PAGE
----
Isaac Asimov's Inferno (1994) is a science fiction novel by American writer Roger MacBride Allen, set in Isaac Asimov's Robot/Empire/Foundation universe.

Once Upon a Time... Space

Il était une fois… l'Espace (Once Upon a Time… Space) is a French/Japanese animated science fiction TV series from 1982, directed by Albert Barillé.

The series was animated in Japan by the animation studio Eiken, and is thus considered to be anime as it also aired on Japanese TV, albeit not until 1984, under the title Ginga Patrol PJ (銀河パトロールPJ, Galaxy Patrol PJ). In contrast to the show's success in the West, the series' Japanese broadcast was consigned to an early-morning time slot and attracted little attention.

Positron (disambiguation)

A positron is an elementary particle of antimatter.

Positron may also refer to:

Positron (City of Heroes), a character in City of Heroes

Positron (video game), the 1983 video game published by Micro Power

Positron! Records, a Chicago-based independent record label

Positron Corporation, an American[nuclear medicine healthcare company

"Positron", a 1993 trance track by Cygnus X

Positron, a bicycle shifting system from Shimano

Robot Dreams (short story)

"Robot Dreams" is a science fiction short story by American writer Isaac Asimov exploring the unbalance of robot/human relationships under Asimov's Three Laws of Robotics. It was nominated for a Hugo Award in 1987. It won the Locus Award for Best Short Story in 1987.

"Robot Dreams", along with 20 other short stories by Asimov, was published in Robot Dreams in 1986 by Berkley Books.

Robot series (Asimov)

The Robot series is a series of 38 science fiction short stories and five novels by American writer Isaac Asimov, featuring positronic robots.

Runaround (story)

"Runaround" is a science fiction short story by American writer Isaac Asimov, featuring his recurring characters Powell and Donovan. It was written in October 1941 and first published in the March 1942 issue of Astounding Science Fiction. It appears in the collections I, Robot (1950), The Complete Robot (1982), and Robot Visions (1990). "Runaround" features the first explicit appearance of the Three Laws of Robotics, which had previously only been implied in Asimov's robot stories.

Artificial intelligence researcher Marvin Minsky said: "After 'Runaround' appeared in the March 1942 issue of Astounding [now Analog Science Fiction and Fact ], I never stopped thinking about how minds might work."

Sally (short story)

"Sally" is a science fiction short story by Isaac Asimov. It was first published in the May–June 1953 issue of Fantastic and later appeared in the Asimov collections Nightfall and Other Stories (1969) and The Complete Robot (1982).

Stranger in Paradise (short story)

"Stranger in Paradise" is a science fiction short story by American writer Isaac Asimov. It was written in the summer of 1973 for an anthology of original stories edited by Judy-Lynn del Rey, but was rejected by her. It was also rejected by Ben Bova for Analog Science Fiction and Fact before being accepted for If magazine, where it appeared in the May–June 1974 issue. The story was reprinted in the collections The Bicentennial Man and Other Stories (1976) and The Complete Robot (1982).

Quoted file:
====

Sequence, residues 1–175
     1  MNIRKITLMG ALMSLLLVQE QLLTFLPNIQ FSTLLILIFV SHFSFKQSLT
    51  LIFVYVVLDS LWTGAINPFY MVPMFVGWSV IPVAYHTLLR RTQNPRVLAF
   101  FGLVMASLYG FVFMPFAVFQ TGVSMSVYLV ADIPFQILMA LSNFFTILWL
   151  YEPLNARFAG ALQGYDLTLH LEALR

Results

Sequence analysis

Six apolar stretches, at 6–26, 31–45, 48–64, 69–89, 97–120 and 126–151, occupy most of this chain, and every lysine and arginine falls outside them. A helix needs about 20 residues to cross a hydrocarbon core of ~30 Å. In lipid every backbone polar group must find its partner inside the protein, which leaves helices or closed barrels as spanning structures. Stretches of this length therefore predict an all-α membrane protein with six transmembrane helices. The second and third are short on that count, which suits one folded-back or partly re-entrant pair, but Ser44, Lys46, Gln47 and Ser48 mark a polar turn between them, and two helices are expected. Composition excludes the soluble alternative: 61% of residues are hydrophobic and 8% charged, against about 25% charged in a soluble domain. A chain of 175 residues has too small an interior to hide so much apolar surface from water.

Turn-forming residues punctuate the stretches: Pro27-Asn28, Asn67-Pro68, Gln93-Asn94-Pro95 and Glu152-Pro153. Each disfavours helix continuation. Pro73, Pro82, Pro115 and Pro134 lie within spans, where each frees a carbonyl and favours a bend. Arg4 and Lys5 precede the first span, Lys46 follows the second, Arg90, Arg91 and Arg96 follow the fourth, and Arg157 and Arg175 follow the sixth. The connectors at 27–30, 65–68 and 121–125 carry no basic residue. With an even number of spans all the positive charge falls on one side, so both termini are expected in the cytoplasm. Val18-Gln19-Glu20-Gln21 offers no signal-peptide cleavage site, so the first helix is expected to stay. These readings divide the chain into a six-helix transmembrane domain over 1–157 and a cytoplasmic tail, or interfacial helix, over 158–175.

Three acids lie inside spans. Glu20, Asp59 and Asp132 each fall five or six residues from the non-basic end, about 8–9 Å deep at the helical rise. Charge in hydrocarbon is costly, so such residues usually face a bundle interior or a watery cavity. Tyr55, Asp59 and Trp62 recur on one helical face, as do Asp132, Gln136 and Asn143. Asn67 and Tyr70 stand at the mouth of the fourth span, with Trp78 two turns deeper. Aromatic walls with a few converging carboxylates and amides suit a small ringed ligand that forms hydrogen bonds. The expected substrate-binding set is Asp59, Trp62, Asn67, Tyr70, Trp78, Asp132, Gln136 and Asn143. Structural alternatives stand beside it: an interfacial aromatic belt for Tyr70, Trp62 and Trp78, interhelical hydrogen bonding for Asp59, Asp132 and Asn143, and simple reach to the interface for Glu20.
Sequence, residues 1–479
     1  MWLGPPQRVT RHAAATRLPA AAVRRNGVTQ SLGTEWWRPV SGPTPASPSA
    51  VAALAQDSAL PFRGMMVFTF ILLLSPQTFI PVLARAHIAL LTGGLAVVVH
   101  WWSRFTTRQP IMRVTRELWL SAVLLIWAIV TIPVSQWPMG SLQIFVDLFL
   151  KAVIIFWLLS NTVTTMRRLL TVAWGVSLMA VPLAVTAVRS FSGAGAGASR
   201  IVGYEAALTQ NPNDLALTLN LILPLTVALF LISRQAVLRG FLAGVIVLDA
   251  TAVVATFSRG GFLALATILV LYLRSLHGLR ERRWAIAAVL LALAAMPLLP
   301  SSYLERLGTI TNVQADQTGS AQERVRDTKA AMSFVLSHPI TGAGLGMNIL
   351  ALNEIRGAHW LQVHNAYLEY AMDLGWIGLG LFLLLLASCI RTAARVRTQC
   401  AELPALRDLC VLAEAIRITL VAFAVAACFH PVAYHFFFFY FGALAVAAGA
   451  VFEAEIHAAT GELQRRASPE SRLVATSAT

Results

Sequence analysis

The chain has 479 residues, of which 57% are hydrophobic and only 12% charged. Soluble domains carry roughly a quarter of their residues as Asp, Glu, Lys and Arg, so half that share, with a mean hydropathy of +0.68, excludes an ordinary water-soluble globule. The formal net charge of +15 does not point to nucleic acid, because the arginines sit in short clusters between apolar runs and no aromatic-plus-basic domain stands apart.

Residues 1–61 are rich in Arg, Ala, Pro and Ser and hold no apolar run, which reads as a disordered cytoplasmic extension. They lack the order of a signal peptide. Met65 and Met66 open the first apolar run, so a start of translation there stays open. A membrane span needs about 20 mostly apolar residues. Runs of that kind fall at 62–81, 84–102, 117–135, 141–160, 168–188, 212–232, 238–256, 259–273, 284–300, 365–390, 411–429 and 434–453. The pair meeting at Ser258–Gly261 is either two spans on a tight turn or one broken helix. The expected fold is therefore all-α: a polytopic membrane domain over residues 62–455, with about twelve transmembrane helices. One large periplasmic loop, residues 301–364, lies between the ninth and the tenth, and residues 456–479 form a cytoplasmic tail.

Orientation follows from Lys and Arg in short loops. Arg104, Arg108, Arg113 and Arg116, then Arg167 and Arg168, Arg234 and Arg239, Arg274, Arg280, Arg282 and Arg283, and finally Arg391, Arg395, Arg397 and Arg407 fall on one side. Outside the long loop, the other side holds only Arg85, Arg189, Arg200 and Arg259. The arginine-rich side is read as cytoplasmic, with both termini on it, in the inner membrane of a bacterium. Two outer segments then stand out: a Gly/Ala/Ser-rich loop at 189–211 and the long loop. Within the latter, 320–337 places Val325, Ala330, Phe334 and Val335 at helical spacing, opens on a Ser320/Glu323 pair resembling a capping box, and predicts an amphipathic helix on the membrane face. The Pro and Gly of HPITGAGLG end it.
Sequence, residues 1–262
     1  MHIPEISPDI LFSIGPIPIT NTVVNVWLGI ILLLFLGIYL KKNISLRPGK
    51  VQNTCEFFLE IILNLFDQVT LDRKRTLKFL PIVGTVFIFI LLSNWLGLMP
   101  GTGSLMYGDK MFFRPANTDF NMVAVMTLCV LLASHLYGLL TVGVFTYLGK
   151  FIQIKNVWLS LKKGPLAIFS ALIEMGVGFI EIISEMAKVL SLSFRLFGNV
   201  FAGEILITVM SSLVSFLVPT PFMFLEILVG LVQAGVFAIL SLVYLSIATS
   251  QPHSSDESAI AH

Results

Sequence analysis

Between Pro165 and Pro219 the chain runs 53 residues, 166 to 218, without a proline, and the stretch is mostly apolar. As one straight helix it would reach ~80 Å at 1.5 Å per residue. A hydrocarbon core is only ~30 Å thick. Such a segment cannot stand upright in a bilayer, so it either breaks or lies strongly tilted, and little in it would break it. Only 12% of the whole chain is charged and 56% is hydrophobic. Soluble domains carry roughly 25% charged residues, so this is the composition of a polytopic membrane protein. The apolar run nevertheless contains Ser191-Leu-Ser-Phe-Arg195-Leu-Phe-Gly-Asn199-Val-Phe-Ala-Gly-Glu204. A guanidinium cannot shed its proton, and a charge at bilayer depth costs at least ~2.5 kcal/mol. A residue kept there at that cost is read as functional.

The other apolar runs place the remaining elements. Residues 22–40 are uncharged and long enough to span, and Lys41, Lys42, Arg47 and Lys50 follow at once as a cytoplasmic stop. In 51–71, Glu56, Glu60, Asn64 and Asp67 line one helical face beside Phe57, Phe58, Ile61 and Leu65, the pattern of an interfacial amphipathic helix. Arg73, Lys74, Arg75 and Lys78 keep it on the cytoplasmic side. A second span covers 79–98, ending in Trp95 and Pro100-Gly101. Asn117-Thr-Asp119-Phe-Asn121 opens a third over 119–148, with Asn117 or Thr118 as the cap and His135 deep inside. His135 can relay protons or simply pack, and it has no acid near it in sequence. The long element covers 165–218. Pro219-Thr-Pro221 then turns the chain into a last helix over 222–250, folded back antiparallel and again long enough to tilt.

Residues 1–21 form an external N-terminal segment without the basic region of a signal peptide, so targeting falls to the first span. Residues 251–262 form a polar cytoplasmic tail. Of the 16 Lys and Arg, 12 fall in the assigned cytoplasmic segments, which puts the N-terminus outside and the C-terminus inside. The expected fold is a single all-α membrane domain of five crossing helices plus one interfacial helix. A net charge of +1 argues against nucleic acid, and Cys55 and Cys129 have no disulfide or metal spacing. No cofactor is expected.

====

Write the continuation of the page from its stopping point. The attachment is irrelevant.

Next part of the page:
Tachyons in fiction

The hypothetical particles tachyons have inspired many occurrences of tachyons in fiction. The use of the word in science fiction dates back at least to 1970 when James Blish's Star Trek novel Spock Must Die! incorporated tachyons into an ill-fated transporter experiment.

In general, tachyons are a standby mechanism upon which many science fiction authors rely to establish faster-than-light communication, with or without reference to causality issues. For example, in the Babylon 5 television series, tachyons are used for real-time communication over long distances. Another instance is Gregory Benford's novel Timescape, winner of the Nebula Award, which involves the use of tachyons to transmit a message of salvation back in time. Likewise, John Carpenter's horror film Prince of Darkness uses tachyons to explain how future humans send messages backward through time to warn the characters of their impending doom. By contrast, Alan Moore's classic comic book limited series Watchmen features a character who uses "a squall of tachyons" broadcasting from space to muddle the mind of the only person on Earth capable of seeing the future.

The word "tachyon" has become widely recognized to such an extent that it can impart a science-fictional "sound" even if the subject in question has no particular relation to superluminal travel (compare positronic brain). Classic Anime fans may associate tachyons with the energy source for the wave-motion gun and wave-motion engine in Space Battleship Yamato (Starblazers in the United States). Further examples include the "Tachion Tanks" of the PC game Dark Reign and the "tachyon beam" of the game Master of Orion. The space-combat sim Tachyon: The Fringe utilizes "tachyon gates" for superluminal travel but gives no exact explanation for the technology, and the MMORPG Eve Online features six types of "Large Tachyon Lasers", technically a contradiction since by definition, lasers emit light—photons, not any kind of hypothetical tachyon.